Fri, Aug 14, 2009 - Page 4 News List

Chen relatives ask for leniency

GO EASY Prosecutors said the former first lady’s brother and sister-in-law should be given lighter sentences because they had not benefited financially from their crimes

By Shelley Huang  /  STAFF REPORTER

Former president Chen Shui-bian’s (陳水扁) son Chen Chih-chung (陳致中) and several others yesterday appealed to the court to be lenient in light of their admissions to money laundering.

Chen Chih-chung, his wife Huang Jui-ching (黃睿靚), and former first lady Wu Shu-jen’s (吳淑珍) brother Wu Ching-mao (吳景茂) and sister-in-law Chen Chun-ying (陳俊英) are co-defendants in the trial against the former first family. The four are charged with helping the former first family launder money to overseas bank accounts.

In closing arguments, prosecutors said that although Chen Chih-chung and Huang pleaded guilty to money laundering, they did not answer key questions in the investigation into the former first family’s finances.

“The money laundering activities of the defendants cannot be justified by the defendants’ claims that they were unaware [that anything illegal was going on] and that Wu Shu-jen was so domineering that they could not refuse her requests,” prosecutors said.

The prosecution asked the court to hand down an “appropriate” sentence for Chen Chih-chung and Huang.

In his defense, Chen Chih-chung said he had not been able to answer all of the prosecutors’ questions because his father had never discussed the family’s overseas finances with him. He apologized to the public and said he had done everything he could to wire the money back to Taiwan.

Chen Chih-chung and his wife had promised to wire about NT$1.2 billion (US$36.6 million) from Swiss accounts and paper companies back to Taiwan as a condition to enter plea-bargaining. However, none of the money has been remitted because the accounts have been frozen by Swiss authorities, who said the money could only be returned to Taiwan through judicial means because of regulations for mutual judicial assistance.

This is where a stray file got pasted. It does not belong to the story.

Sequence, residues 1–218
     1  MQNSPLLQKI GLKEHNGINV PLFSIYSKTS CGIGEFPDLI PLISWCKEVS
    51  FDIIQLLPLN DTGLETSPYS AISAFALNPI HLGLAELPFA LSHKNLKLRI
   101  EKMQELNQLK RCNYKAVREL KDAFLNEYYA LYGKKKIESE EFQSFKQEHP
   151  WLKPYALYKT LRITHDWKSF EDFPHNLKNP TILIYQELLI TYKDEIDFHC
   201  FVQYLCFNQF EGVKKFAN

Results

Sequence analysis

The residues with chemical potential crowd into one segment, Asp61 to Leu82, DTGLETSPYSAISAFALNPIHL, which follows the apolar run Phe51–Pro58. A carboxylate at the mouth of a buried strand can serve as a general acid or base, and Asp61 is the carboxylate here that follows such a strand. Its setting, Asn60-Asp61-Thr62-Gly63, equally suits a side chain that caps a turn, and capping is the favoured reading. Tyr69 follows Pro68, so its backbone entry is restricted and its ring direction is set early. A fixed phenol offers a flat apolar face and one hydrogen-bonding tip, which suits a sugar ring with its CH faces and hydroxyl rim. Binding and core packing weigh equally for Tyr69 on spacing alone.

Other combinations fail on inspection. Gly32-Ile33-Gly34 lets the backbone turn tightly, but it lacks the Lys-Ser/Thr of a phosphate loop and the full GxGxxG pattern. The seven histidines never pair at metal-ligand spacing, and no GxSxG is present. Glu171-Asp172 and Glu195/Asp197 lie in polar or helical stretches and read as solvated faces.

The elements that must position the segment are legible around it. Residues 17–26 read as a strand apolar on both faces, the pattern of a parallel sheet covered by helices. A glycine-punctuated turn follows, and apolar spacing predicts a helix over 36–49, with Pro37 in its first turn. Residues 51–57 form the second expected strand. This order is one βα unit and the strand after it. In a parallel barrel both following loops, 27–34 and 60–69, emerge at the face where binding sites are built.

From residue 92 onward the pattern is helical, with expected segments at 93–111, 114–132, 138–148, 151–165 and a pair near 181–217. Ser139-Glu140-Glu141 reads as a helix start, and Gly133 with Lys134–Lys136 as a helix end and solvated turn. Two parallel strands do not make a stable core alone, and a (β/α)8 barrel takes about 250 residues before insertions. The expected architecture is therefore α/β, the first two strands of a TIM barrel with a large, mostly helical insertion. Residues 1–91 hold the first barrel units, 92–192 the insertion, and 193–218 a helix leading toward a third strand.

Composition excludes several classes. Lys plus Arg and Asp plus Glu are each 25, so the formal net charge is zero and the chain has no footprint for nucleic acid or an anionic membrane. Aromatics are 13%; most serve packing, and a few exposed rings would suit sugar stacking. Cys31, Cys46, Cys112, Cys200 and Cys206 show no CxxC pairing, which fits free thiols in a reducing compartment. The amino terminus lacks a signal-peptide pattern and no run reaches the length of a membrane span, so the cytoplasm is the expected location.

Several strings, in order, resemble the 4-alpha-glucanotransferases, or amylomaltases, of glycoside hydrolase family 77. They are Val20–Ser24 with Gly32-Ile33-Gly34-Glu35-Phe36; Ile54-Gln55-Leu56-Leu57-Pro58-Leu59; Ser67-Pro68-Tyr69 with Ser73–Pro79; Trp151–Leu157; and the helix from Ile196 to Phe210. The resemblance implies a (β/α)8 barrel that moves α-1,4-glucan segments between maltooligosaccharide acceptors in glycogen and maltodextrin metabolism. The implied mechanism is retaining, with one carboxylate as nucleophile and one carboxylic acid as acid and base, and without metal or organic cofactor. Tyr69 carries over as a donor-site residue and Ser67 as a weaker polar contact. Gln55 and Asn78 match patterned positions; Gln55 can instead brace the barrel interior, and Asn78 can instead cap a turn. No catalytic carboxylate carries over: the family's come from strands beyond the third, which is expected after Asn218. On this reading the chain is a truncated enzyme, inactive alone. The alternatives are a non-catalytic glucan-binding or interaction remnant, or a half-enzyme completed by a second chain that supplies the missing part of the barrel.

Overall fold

Huang said through tears that she had done what was expected of a wife — obeying her husband’s family — and never thought she would one day face criminal charges.

She asked the court to be lenient and give her the opportunity to be a good mother to her child because she could not bear to be parted from her daughter.

“My daughter should not bear responsibility for the mistakes of [adults],” she said.

Wu Ching-mao and his wife Chen Chun-ying also appealed to the court to hand down lighter sentences, saying they were not aware they were breaking the law by letting Wu Shu-jen use their bank accounts to send money overseas.

The couple said they were not very educated and did not understand the law but regretted their actions and were sorry.

Prosecutors asked the court for lighter sentences for the two, saying they had shown remorse and had not benefited financially from helping the former first family.

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